Pics and story- after the Battle

Discussion in 'Managing Your Flock' started by LynneP, Apr 25, 2008.


    decided to keep my stories in a rolling file on this page, editing and upgrading all the time. This is a follow-up to the recent rooster/pheasant fight.

    The link has a pic, which I don't think I'll include in this first draft:

    After the Battle- Summer Pasture April 25, 2008

    After the battle with Bluster the pheasant, Snowflake kept his distance. The rooster continued to approach the property to woo the red barn, but he danced for it behind the cattle fencing in an open space where Bluster could not stalk him. His owner, Murray, gave him his usual freedom despite the minor wounds and I promised to let the elder-gelding out of his winter pasture so he could guard Snowflake. Sheriff has always liked white birds and black cats for reasons unclear to me, since I rescued him when he was twelve.

    The horse was to have an encounter with Bluster before leaving his winter quarters, a 100x 80 ft paddock with cattle fencing that kept him near the open barn all winter and allowed him to socialize the cats and to gain shelter, which he seldom did, but choices matter. In that paddock he could run and roll, prove that his cutting horse instincts are hard-wired and that he is master of all he surveys. I know he is lonely without the mare, but after turning 37 on April 11, he has proved he has a little more vigor than I expected.

    David and I had decided that the ground was dry enough to open the large spread of land the gelding loves, but we needed to mend some rails and tighten up some posts that were leaning after snowplow season. While we were doing this, Bluster came up through the field and began to cross the small paddock on his way to the wild bird feeders. He does this on a schedule to which you could set your watch, but Sheriff, who seems to believe he is responsible for the feral cats and for Snowflake, threatened the pheasant with a crooked neck and exposed incisors. The old boy doesn't have many molars left, but he showed what 'long of tooth' real means and broke into a trot with the teeth snapping at Bluster until the pheasant realized that puffing and gleaming and engorging one's comb would not quite do. We watched chuckling until Sheriff nearly snapped a tail feather as Bluster turned, broke into a velociraptor run, and went to wing with a high-pitched Rackkkkkkkkkkkkkkkkkkkkkkkkkkkkkkkkkk! I believe that the old horse would nave nailed him if the fence had not been in the way. Incredulous, the iridescent bully sailed downhill to the shelter of the forest corridor, embarrassed perhaps, or furious to be exposed to his harem retreating.

    The moment was at land for Sheriff, we opened the gate to his summer pasture, giving him full access to the pheasant as Snowflake watched from the perimeter. I swear he was cackling even if he is a rooster. Sheriff galloped up the rise past the entry chute, spun to the left in true cutting-horse fashion and chased the bully into the woods. The he stood, huffing and puffing, as though he were still six and not yet gelded. I always thought they must have missed a bit of testicle when they did him, because when he goes stud, he is serious about his enemies. Yet the same beast is gentle with little girls and adults alike and allows kittens to drape his shoulder as night like a living stole.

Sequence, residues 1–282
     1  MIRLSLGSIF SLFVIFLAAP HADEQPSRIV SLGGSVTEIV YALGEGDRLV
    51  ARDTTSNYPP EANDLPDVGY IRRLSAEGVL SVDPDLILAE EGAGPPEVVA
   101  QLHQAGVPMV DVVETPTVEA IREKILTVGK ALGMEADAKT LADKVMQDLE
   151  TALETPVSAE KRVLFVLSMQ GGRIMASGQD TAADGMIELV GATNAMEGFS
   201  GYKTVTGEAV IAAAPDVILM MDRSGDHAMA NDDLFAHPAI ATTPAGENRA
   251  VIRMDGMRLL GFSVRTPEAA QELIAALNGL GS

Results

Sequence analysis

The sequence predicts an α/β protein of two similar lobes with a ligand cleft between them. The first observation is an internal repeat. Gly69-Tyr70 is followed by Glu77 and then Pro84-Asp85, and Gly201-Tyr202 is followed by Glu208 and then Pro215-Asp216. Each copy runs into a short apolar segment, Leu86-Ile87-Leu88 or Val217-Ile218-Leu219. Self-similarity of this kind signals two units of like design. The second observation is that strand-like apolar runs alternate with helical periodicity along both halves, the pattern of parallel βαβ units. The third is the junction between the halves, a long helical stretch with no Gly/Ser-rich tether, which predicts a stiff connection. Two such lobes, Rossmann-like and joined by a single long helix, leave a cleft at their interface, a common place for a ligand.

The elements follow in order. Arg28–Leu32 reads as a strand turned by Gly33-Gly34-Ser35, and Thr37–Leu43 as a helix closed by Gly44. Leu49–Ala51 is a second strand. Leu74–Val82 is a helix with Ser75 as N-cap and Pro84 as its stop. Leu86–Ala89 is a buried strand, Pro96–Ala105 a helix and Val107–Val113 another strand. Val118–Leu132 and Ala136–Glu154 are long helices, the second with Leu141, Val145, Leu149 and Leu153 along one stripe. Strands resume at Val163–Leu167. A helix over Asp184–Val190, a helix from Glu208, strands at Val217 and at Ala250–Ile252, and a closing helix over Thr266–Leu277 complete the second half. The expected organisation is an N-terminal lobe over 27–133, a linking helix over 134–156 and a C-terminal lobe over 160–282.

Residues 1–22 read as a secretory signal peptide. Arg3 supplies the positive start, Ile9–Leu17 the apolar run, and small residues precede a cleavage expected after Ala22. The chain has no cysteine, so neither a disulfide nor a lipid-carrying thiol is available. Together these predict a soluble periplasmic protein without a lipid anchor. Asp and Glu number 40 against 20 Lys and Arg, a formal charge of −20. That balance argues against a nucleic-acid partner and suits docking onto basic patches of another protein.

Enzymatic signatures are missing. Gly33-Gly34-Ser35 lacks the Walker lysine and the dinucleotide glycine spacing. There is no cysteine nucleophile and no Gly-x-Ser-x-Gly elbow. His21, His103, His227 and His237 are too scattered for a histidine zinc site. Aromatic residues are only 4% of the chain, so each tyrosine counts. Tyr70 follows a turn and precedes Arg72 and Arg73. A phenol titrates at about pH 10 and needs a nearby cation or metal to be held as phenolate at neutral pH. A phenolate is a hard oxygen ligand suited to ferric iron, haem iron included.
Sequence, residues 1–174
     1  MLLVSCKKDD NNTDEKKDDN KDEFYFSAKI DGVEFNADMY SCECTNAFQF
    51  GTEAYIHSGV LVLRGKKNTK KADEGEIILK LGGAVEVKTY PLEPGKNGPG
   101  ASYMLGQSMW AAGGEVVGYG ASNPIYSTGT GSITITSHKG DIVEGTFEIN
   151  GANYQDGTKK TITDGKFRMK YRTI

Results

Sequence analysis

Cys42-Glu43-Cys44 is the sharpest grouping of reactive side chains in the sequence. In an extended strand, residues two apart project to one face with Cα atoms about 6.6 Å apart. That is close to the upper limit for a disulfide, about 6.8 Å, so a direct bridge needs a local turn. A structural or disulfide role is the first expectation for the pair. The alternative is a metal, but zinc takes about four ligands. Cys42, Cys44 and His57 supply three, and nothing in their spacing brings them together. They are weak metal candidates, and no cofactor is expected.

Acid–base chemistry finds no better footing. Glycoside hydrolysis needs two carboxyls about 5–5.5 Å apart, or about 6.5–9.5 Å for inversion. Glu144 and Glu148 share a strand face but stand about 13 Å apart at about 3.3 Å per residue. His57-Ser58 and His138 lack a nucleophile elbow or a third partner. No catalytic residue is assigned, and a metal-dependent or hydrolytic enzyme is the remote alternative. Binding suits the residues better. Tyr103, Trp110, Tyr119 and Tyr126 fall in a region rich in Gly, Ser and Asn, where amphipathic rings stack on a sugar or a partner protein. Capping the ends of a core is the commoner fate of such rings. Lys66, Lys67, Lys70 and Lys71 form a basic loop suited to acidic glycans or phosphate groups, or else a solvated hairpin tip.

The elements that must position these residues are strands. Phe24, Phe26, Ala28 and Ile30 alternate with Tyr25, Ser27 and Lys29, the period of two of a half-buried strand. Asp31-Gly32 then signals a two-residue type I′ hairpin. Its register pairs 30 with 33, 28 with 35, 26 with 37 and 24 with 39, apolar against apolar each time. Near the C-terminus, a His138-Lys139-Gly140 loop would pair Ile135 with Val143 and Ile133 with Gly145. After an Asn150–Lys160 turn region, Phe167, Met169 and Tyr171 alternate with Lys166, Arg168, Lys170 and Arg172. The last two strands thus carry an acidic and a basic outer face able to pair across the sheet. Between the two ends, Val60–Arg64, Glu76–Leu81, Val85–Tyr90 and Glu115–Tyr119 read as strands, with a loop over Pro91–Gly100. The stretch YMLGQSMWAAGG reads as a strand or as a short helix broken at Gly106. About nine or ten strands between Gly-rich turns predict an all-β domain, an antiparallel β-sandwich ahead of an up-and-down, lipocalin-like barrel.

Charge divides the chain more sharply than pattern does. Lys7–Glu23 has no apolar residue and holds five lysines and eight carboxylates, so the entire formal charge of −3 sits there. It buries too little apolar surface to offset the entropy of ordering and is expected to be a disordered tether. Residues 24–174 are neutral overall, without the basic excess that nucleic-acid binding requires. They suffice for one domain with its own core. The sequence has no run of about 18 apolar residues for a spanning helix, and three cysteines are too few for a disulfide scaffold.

Then, standing in the first petals of clover he reared slightly, then bucked and spun on his way to Snowflake, who evidently understands that Sheriff will guard him, though he was not so foolish as to get under the hooves of a spring-infused quarter horse. Sheriff was born black with a white star and gradually turned white over the years. When I found him, in bad circumstances, he was in-between, a blue roan. To this day his skin is a bluish black that shines under the white overcoat. I did not expect to have him this long, we lost our younger horse, a mare, last fall. He astonishes me, he's a tough old nut and loads of fun still. Oh he has a wobble in his left hip and he's stiff when the farrier trims his hooves which are textbook black and as pliable as latex. His muzzle is sweet to scent and he nickers like a lover.

    A long time ago our vet asked if he could have the feet when Sheriff dies. He's waited a long time and I can't imagine disfiguring a creature of such beauty. No, not yet, summer is coming and he has sweet clover to masticate and spit out because he can't crush it properly any more. But he sucks on it and it stains the corner of his mouth with chlorophyll. Not yet. Baby has summer pasture to roam.




    Last edited: Apr 26, 2008
  2. Update: Sheriff has expanded *his* territory and Bluster is now crossing an unfenced pasture to reach the wild bird food. This takes him at least another hundred yards from Sheriff's favorite rooster, Snowflake![​IMG]
  3. Redfeathers

    Redfeathers Songster

    Oct 11, 2007
    Gervais OR
    Another wonderful story. You should be writing books. I'd read them.
  4. I'd like to put a collection of farm stories together- short snippets suitable for shared reading and lots of humor. Thanks, some days I have to write, and when the chicks come I hope they'll give me lots of inspiration.[​IMG]

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